In 1854 the following description of the Falkirk Iron Works was published:
“In noticing a work of this description the principal difficulty is in knowing where to begin, there is so much to be described. When you visit the warerooms, and look at the multitude of articles in a finished state that are piled up on every side, you feel quite oppressed with a sense of the varied labour that has been expended upon them previous to their being collected here; and in giving a description of that labour one feels at some loss respecting the particular point at which it should be taken up. As nothing can be produced, however, without a pattern having been previously prepared, we shall commence with the pattern. After the design has been drawn upon paper by the designer, a model of it is taken, sometimes in wax and sometimes in plaster of Paris. It is then cast in tin and chased up, and from this tin copy the finished pattern is cast in iron or brass, as the case may be. In cases where few castings are required from a single pattern, the casting of the work is made at once from the tin pattern, but in most instances iron or brass patterns are made. The pattern is the most expensive part of the work, both from the time required for its production and from the superior skill necessary in its formation. A single set of patterns for a stove not infrequently costs upwards of £100. We saw a brass pattern for a single bracket, not of very large dimensions, which cost £17, and one for a door scraper which cost £13. It sometimes happens, too, that this enormous expense is uselessly incurred. Should the design not please the public taste – in other words, not take the market – all the ingenuity of the designer, and all the labour in modelling and casting the pattern, are lost to the proprietor. But mishaps of this kind are overbalanced by the demand for the popular designs, which is sometimes so great that new sets of patterns have not infrequently to be made in order to meet it. The rooms containing finished patterns in the establishment under notice have a length of 280 feet; and the average width may be stated at 20 feet; and when this fact, along with the cost of each pattern, is taken into consideration, some idea may be formed of the enormous capital required to carry on a work of this kind.”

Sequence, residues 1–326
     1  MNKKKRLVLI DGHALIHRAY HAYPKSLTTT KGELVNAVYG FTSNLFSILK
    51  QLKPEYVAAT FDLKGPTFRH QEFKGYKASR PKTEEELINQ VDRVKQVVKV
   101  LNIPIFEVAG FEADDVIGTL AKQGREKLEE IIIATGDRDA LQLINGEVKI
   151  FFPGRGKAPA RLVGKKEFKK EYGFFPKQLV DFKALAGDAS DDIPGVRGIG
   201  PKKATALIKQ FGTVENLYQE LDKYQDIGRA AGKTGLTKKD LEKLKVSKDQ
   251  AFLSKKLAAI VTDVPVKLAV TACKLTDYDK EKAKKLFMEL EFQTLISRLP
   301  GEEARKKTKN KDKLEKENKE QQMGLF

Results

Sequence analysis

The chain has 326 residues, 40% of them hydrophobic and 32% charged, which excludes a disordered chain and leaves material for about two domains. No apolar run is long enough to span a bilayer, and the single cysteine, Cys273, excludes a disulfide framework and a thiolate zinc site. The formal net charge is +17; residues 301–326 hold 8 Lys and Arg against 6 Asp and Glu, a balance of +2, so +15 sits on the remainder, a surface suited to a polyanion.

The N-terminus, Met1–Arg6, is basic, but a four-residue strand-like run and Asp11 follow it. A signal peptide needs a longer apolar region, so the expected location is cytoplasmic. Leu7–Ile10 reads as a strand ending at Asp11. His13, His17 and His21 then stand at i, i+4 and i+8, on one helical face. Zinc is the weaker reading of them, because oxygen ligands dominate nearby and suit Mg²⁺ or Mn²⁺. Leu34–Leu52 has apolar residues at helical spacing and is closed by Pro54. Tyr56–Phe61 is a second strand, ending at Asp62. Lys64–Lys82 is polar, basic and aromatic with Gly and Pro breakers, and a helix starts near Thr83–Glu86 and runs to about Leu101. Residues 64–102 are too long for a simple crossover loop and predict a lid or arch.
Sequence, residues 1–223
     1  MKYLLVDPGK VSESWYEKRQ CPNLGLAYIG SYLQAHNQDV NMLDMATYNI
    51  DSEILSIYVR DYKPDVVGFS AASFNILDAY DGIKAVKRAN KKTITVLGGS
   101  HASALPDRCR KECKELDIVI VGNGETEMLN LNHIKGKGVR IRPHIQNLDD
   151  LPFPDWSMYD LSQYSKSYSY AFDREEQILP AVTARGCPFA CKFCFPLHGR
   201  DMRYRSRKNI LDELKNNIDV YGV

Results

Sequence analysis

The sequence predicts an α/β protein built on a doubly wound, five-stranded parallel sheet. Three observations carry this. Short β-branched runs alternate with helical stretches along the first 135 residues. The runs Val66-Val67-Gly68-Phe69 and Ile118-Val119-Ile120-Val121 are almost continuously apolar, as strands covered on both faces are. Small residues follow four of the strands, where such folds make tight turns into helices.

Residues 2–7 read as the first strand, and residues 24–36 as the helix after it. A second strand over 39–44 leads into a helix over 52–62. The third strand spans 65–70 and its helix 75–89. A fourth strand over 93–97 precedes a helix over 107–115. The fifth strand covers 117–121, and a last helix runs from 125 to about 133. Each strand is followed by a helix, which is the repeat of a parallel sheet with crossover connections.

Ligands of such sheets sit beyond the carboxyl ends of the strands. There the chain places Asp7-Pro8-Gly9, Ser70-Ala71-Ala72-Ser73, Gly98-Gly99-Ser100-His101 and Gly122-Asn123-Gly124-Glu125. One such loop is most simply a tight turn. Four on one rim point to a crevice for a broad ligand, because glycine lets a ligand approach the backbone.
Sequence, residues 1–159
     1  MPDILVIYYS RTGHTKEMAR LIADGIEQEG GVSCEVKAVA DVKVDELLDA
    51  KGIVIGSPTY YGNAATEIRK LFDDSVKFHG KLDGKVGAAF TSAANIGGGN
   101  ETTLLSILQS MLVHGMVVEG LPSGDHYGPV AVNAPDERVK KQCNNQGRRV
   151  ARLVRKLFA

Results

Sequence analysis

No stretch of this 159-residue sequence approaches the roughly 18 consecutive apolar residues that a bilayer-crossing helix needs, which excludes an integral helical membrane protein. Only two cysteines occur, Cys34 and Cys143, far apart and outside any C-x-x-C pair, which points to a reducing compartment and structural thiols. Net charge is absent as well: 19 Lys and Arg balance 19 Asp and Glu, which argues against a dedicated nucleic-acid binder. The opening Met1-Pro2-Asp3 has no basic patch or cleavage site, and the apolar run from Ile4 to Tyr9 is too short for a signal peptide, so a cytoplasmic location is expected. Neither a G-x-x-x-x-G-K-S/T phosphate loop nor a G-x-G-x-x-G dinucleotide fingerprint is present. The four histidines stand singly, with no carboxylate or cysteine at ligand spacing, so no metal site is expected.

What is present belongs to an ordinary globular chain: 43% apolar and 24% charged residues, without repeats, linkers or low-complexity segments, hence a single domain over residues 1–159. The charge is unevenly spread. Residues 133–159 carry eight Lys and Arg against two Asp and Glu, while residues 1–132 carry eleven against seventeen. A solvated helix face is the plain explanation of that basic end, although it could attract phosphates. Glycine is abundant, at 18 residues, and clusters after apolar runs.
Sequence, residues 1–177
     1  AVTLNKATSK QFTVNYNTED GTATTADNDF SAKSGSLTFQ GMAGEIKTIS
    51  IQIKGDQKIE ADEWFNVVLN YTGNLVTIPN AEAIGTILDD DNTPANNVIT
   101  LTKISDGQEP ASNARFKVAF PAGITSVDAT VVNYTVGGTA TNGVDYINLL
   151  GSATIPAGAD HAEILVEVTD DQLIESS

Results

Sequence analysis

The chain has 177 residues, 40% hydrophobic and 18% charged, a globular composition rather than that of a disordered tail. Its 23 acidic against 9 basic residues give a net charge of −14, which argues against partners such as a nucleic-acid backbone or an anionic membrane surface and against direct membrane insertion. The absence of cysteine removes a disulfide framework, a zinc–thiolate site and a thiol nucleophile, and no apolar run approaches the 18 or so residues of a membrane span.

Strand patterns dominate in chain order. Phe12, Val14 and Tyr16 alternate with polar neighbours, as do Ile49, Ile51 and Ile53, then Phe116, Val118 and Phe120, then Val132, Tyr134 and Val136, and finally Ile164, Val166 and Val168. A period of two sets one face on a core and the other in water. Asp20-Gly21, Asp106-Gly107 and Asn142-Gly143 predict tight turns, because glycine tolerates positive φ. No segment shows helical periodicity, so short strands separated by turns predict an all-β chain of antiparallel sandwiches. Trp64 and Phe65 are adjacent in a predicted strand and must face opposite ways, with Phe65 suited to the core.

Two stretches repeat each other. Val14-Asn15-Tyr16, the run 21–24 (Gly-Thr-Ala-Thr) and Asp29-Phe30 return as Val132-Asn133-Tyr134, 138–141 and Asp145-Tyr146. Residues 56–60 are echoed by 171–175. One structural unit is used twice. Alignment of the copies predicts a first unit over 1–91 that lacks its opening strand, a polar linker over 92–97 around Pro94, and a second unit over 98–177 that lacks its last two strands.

Illus: The Pattern Shop in New Grange Foundry.
Patternmakers were very skilled men who translated the flat drawings of the designers into three-dimensional full scale models, usually in wood. Their workshops contained the equipment necessary to turn a rough block of wood into a beautifully finished sculpture – from the circular saw to gouges. Sometimes the surfaces had wide, sweeping graceful curves and at other times there was a great amount of minute detail with representations of plants and animals. The workshop had to be well lighted and the benches were placed adjacent to the windows.
Illus: Making a pattern for the front of a stove at the Columbian Stove Works.
Once made, the pattern was carefully stored for future use. At Carron Ironworks in 1869 a visitor noted:
“patternshop… a large three-storey building, on the lower floor of which is a saw mill and other machinery for preparing wood. On the middle floor the patterns are made; and the upper is filled from end to end with a vast collection of patterns of articles of all sorts from a spittoon to the cylinders of a 200 horse-power engine. As the cost of making the patterns is very great – those here collected representing many thousands of pounds – they are carefully preserved. The patterns are made of wood, and considerable skill is required for their constructions”.
The next section under the “Components” heading is the Moulding Floor. Click here to read.